Every year, parents and police departments worry about tricks in their kids' Halloween treats: razor blades in apples, poison in candy bars.
But incidents of candy poisoning are very, very rare -- if they exist at all.
"There have never been any substantiated cases of strangers tampering with Halloween candy," said Susan Whiteside, in an email to Booster Shots Friday. Whiteside is a spokesperson for the National Confectioners Assn., which provides an FAQ on Halloween candy safety and coordinates with law enforcement to track reports of tainted treats.
The Los Angeles Times has written about popular misconceptions about tampered Halloween candy. In this report from 1985, Anne C. Roark noted that one L.A.-area hospital had been X-raying candy for four years and never found anything. Four years later, columnist Mike Spencer pounded the message home, calling candy poisoning "a myth."
Both stories featured the work of sociologist Joel Best. In the 1980s, Best was a professor at Cal State Fresno; today he teaches at the University of Delaware. He has devoted almost 30 years to debunking the "Halloween sadism" myth, addressing it in books and scholarly papers and at great length on his website (where you can find updated information, including a catalog of reports of Halloween poisonings that later turned out to have other explanations).
"Halloween sadism is best seen as a contemporary legend (sometimes called an urban legend,)" he writes on the website. "Contemporary legends are ways we express anxiety. Note that concerns about Halloween tend to be particularly acute in years when some sort of terrible recent crime has heightened public fears."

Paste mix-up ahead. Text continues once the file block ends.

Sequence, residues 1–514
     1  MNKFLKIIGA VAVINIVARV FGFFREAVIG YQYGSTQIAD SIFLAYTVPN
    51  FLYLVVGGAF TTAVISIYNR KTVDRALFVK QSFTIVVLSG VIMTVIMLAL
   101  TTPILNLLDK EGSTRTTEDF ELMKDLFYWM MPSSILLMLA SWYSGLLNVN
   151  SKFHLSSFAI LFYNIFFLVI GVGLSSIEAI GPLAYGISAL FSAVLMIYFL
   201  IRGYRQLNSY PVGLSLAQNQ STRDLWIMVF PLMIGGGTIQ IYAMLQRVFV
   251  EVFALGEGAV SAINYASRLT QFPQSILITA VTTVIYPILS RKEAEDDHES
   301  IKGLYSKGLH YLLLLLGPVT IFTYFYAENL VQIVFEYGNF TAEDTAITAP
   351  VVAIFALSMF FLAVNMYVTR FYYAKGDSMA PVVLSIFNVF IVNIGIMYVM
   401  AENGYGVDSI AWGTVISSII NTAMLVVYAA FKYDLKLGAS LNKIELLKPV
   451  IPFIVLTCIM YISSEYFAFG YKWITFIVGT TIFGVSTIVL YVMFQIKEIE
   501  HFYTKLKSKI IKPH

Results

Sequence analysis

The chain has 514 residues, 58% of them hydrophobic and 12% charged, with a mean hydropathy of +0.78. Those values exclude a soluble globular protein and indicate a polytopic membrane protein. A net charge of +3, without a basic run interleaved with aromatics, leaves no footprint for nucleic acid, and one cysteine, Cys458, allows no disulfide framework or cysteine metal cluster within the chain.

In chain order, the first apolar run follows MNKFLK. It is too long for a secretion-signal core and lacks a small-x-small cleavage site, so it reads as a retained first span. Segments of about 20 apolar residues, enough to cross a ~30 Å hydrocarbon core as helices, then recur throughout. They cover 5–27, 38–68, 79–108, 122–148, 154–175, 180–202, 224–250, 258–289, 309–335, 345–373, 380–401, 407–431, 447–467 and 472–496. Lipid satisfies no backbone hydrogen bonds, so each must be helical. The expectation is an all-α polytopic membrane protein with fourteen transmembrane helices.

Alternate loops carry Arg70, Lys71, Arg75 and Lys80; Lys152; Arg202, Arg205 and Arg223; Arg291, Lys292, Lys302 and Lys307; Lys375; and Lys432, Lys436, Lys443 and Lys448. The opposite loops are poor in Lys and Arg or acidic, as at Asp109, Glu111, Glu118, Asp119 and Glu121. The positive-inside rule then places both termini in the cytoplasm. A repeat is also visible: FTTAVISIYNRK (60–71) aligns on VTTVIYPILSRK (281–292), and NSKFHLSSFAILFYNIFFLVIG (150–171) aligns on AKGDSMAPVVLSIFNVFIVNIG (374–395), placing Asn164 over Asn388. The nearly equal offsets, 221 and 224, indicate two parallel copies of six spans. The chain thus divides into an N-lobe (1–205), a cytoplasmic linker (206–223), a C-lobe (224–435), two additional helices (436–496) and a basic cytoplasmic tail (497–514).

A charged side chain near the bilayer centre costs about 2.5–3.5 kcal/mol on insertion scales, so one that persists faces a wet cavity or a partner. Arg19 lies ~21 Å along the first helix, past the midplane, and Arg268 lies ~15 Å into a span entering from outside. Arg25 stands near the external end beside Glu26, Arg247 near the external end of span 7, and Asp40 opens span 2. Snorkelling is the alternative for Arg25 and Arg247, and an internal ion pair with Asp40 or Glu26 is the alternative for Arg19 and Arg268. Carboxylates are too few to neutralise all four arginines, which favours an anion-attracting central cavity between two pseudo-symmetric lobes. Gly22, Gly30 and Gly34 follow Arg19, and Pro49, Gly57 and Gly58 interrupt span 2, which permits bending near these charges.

Best points out, for example, that the Sept. 11 attacks were followed by warnings against visiting malls on Halloween.
(For more on Best's work, check out this interview, posted on Tuesday, with USC sociologist Karen Sternheimer. This lengthy Snopes.com discussion of Halloween poisonings also mentions his research.)
It still makes sense to look over kids' candy haul before letting them dig in. This Halloween safety site from the Centers for Disease Control advises trick-or-treaters to "eat only factory-wrapped treats" and to "examine all treats for choking hazards and tampering before eating them." In addition to more predictable warnings, the Food and Drug Administration cautions against tasting raw cookie dough and recommends making sure juice or cider served at parties is pasteurized.
For the most part, the dangers lurk elsewhere: in those creepy decorative contact lenses that give you lizard eyes (which are often sold improperly and used incorrectly, according to the FDA); in fireworks; in choking; and especially, with inattentive or drunk drivers. Want a safe Halloween? Make sure your little Angry Bird, astronaut or witch looks both ways before crossing the street. Carrying a flashlight is a good idea too.